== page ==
As the struc­ture of the au­dit in­dus­try comes un­der scru­tiny, Bourn says “it is crazy there are just four top-bracket au­di­tors – this sys­tem sim­ply doesn’t work and hasn’t for a very long time”. The for­mer au­di­tor gen­eral refers to the dom­i­nance of just four au­di­tors across the FTSE 250 as “an is­sue of oli­gop­oly, that needs to be in­ves­ti­gated by the Com­pe­ti­tion and Mar­kets Author­ity”.

Bourn calls the col­lapse of Car­il­lion “a wa­ter­shed mo­ment” – the phrase used by Jeremy Cor­byn back in Jan­uary, when he seized on it to at­tack the Govern­ment. Cit­ing Car­il­lion’s fail­ure, the Labour leader called for a wide­spread pro­gramme of na­tion­al­i­sa­tion, along with a muchre­duced role for pri­vate con­trac­tors in the pro­vi­sion of public ser­vices. Bourn has no such ide­o­log­i­cal agenda, but does want to see im­prove­ments in state pro­cure­ment prac­tices and far less public sec­tor waste.

“Car­il­lion was a wa­ter­shed mo­ment be­cause it was such a big com­pany, work­ing across such an im­por­tant range of ar­eas, in­volv­ing so many peo­ple,” he says. “It’s a wa­ter­shed be­cause it brings to­gether un­der one head­ing so many of the things that are wrong – and we must learn from it and un­der­take to bring in change.”

Con­scious of up­set­ting for­mer col­leagues, Bourn qual­i­fies his con­cerns. “If you look across all govern­ment con­tracts, many of them are awarded and man­aged prop­erly, so I’m not sug­gest­ing there is ut­ter chaos,” he says. “But it could be so much bet­ter, and this Car­il­lion case is es­pe­cially dis­ap­point­ing – not least given the small con­trac­tors in­volved.”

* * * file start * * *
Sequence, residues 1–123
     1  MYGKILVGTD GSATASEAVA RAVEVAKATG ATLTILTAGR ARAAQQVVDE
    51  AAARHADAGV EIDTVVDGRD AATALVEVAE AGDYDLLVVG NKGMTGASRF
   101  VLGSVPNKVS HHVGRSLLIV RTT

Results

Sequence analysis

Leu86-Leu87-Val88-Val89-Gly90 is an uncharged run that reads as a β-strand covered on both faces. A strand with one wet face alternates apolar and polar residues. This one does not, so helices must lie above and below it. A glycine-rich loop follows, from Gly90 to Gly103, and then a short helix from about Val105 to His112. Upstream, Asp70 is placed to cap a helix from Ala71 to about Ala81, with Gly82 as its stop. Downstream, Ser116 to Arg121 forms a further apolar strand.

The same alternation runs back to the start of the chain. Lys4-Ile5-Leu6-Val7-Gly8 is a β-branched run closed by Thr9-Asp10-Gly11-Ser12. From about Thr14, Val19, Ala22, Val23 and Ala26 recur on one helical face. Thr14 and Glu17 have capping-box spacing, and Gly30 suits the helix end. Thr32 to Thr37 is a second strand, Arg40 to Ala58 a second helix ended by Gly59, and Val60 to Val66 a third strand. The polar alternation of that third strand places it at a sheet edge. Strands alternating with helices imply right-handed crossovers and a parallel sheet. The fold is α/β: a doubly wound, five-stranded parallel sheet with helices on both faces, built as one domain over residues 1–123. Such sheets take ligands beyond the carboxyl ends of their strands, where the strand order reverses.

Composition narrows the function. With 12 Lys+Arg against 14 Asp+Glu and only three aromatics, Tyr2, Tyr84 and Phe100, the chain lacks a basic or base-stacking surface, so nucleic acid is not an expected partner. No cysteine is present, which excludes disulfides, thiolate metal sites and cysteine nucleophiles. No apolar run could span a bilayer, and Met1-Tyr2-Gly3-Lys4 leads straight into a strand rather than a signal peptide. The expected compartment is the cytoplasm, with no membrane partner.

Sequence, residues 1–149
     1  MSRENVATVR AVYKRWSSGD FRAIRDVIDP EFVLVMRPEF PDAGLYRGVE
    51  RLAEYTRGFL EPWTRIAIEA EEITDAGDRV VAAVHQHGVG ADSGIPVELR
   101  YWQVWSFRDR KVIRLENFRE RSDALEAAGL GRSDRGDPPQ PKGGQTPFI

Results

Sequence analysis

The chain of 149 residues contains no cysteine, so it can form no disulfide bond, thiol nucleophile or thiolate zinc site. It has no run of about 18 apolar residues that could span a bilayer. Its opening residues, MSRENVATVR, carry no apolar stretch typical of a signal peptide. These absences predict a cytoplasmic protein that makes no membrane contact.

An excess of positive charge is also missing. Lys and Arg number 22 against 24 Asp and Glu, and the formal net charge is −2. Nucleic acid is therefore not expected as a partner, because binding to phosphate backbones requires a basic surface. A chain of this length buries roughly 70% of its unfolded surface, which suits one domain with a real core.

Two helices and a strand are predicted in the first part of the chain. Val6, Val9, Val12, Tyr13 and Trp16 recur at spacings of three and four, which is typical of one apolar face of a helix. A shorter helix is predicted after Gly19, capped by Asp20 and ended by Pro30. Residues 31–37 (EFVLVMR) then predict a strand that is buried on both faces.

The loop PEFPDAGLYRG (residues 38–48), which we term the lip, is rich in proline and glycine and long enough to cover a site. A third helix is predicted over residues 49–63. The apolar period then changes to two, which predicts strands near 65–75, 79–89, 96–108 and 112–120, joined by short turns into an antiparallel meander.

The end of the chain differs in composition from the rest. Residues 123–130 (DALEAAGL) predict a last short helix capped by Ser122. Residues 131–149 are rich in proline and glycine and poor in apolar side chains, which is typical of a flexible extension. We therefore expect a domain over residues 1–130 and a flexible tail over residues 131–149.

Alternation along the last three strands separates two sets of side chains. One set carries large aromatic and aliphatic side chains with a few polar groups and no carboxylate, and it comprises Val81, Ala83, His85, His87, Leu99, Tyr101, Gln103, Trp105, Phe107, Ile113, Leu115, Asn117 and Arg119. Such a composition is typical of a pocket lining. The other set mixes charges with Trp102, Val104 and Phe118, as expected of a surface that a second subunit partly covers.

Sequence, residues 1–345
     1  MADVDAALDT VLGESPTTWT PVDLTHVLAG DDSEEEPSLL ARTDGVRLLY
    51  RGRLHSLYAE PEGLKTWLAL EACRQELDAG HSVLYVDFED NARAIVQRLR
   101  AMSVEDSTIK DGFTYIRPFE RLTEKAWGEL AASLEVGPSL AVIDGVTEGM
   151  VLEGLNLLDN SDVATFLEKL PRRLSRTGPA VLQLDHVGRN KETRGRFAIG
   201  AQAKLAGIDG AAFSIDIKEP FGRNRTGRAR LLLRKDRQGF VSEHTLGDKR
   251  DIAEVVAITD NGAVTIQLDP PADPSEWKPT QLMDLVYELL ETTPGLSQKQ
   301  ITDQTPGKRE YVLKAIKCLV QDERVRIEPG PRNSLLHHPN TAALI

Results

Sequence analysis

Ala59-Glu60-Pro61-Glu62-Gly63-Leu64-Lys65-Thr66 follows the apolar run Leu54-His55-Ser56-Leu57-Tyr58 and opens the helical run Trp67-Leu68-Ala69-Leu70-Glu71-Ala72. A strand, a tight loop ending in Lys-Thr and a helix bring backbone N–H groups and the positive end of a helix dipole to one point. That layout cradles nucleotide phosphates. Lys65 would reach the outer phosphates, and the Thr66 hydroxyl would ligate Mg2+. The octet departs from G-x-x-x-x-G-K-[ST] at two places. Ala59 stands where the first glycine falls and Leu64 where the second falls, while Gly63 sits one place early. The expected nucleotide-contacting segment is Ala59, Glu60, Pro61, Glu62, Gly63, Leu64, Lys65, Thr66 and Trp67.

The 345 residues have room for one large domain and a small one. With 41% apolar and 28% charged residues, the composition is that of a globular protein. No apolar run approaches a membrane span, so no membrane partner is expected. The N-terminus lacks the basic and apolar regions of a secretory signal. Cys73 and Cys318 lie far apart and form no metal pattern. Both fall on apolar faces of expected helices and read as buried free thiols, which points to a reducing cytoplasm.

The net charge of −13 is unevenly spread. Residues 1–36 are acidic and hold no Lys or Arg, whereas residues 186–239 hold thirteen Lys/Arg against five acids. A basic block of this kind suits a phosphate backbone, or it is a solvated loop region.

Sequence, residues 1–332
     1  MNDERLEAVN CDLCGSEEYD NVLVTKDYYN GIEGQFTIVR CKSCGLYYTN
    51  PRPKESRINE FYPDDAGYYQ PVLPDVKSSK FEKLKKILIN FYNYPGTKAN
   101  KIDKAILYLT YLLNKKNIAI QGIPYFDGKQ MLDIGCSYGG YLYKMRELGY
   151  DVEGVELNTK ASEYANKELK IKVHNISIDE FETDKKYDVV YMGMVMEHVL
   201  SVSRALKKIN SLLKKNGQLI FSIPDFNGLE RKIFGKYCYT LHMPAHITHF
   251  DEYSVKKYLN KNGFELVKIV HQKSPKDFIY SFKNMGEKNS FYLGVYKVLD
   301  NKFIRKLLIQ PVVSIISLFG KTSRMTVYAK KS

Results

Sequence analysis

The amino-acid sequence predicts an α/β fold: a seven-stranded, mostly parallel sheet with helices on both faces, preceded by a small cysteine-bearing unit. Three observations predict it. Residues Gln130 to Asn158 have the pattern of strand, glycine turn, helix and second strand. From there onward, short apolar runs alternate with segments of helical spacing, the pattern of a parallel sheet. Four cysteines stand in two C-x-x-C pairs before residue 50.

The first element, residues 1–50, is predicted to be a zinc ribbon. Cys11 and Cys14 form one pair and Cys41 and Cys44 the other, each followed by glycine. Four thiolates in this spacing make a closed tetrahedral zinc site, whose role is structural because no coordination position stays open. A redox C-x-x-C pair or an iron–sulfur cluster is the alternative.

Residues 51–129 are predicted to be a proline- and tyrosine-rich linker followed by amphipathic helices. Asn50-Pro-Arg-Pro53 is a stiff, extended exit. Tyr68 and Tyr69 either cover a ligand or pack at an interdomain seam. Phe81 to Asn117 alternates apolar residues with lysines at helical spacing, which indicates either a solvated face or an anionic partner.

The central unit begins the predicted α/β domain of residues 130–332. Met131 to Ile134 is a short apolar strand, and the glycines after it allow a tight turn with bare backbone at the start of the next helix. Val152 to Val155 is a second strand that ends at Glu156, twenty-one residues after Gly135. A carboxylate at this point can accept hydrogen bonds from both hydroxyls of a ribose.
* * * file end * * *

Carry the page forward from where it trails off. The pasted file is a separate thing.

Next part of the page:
Could there be an­other Car­il­lion style col­lapse, I ask Bourn, and what would that mean? “There could – and I think it would be ex­tremely dam­ag­ing if we had an­other Car­il­lion any time soon,” he says. “Other coun­tries, which for so long have looked to us to learn about public pro­cure­ment, as the kind of gold stan­dard, would be shocked,” Bourn adds. “The world at large would think, ‘can the UK re­ally man­age these things, like it al­ways used to? I mean, are these peo­ple any good? Is Bri­tain los­ing its touch?’” “How to Lose Seven Bil­lion Pounds”, Chan­nel Four Dis­patches, is avail­able on Chan­nel 4 Catch-up

‘You couldn’t have had a bet­ter warn­ing to be care­ful – it was all rather like a Ponzi scheme’

‘So many hedge funds were bet­ting that Car­il­lion would col­lapse – and that was clear for all to see’

Sir John Bourn, the for­mer au­di­tor gen­eral, has warned that an­other Car­il­lion-style col­lapse may be pos­si­ble